Delirious supporters at U.S. President Barack Obama’s victory speech, McCormick Place Chicago, early Wednesday morning. Photo by Chip Somodevilla / Getty Images.
On Tuesday night Barack Obama - who had led Mitt Romney in most Electoral College projections every single day of this race - won the election that he was supposed to.
But the November 6 win represented so much more than a victory for a moderate Democrat. We hear that every election is the most important of our lives, but this year it may well prove to be true.
The diverse, creative, younger coalition that propelled the first black man to the presidency in 2008 beat back what may well have been the last stand of Ronald Reagan's coalition of plutocrats, white working-class men and religious conservatives.
The Republican party, with its deep-pocketed donors and extensive network of supportive media and think tanks, remains viable for the immediate future - thanks in part to some dramatic gerrymandering in 2010 - but the demographic headwinds it faces will soon be too powerful to overcome. The GOP's most reliable supporters remain white married couples who identify as Christians, a group that continues its steep numerical decline.
Women, especially unmarried women, delivered a sharp blow to those "limited-government" conservative men who feel entitled to regulate their reproductive choices.
Although it's unlikely the war is over, the politics of playing on white racial anxiety lost a major battle as well. The Romney campaign, as my colleague Adele Stan wrote, "pushed the boundaries of ‘acceptable racism' to extremes." The dog-whistles from the conservative media went far beyond, yet this wasn't enough to win it for Romney.
Tens of millions of Americans who were priced out of the medical insurance market won big on Tuesday. Rather than seeing a concerted effort to strangle "Obamacare" in its cradle, the administration's signature achievement will be fully implemented, and hopefully then built upon and improved the same way Social Security and Medicare were.
Millions of poor people will get tax-funded, single-payer health care through an expanded Medicaid program, and tens of millions more will come to realize that there are no death panels, but instead subsidies for small businesses to provide their workers with insurance and for middle-class families squeezed to death by the growing burden of their care costs.
Watch the popularity of Obama's health care reforms rise over the next four years. That will also be a victory over the right's almost religious belief that "the market" can cure all our ills.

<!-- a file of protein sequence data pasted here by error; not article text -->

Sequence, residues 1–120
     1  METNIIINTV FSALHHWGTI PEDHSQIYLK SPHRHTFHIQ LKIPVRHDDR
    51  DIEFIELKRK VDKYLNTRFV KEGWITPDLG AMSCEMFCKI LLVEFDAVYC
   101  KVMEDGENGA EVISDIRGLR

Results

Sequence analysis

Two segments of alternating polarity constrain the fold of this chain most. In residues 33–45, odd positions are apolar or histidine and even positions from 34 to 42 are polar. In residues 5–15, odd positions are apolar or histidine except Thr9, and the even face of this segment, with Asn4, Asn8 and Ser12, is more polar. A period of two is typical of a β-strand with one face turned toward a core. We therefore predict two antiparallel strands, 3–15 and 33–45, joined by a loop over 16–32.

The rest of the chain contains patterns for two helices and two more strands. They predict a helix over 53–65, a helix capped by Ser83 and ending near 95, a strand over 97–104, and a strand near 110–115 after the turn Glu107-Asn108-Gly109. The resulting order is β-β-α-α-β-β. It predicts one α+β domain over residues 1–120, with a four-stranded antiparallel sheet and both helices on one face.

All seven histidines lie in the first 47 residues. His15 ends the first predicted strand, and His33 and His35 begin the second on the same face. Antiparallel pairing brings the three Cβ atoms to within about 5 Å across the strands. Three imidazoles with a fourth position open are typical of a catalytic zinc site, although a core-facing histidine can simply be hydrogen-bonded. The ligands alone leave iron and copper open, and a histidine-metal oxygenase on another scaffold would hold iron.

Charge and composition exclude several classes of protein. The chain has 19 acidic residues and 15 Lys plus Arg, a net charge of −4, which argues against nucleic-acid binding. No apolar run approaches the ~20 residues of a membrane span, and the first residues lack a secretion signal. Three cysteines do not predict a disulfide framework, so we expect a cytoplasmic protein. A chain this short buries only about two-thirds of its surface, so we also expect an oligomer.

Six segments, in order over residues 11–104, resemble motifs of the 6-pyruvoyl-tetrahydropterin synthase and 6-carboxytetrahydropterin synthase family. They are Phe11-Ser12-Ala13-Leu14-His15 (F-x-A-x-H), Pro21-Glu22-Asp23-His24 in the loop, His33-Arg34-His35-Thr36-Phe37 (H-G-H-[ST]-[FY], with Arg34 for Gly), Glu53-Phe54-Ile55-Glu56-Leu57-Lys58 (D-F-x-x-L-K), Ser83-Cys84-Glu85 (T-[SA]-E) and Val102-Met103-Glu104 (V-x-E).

Voters and election protection activists scored a very hard-fought win over those who believe that some Americans have a greater right to vote than others. Efforts to suppress the vote among typically Democratic-leaning groups were flagrant and widespread. But Americans waited in the cold in those six-hour lines, got the right ID and jumped through whatever hoops they had to.
A unified America was a winner as well. The Republicans would have turned vast swaths of our already threadbare social safety net over to the states to administer, making deep cuts in the process. As a result, people living in "blue" and "red" states would effectively have become citizens of different countries. The poor and working class in red states would have been eligible for far fewer public benefits. No longer would we have been citizens of the United States who happen to live in Alabama or Vermont; we would have become citizens of states with markedly different philosophies of government.
After the most opaque and mendacious campaign in memory, "post-truth politics" lost on Tuesday. Never again will a candidate think he or she can promise to reveal his or her plans after the election and hope that will fly with the public.
Fat-cat right-wing donors spent billions for nothing. As much as $6 billion was dispensed in an election that returned the same speaker of the House and Senate majority leader, and the same man to the Oval Office.
Now, for progressive America, the fight turns. We can savour a victory over those who would take us back to an earlier time, but only briefly. Now we have to organize and turn our energy to pressuring the Democrats to fight for our ideals.
We now have a progressive coalition in the United States that can win against steep odds. That is ultimately the big winner of the 2012 election.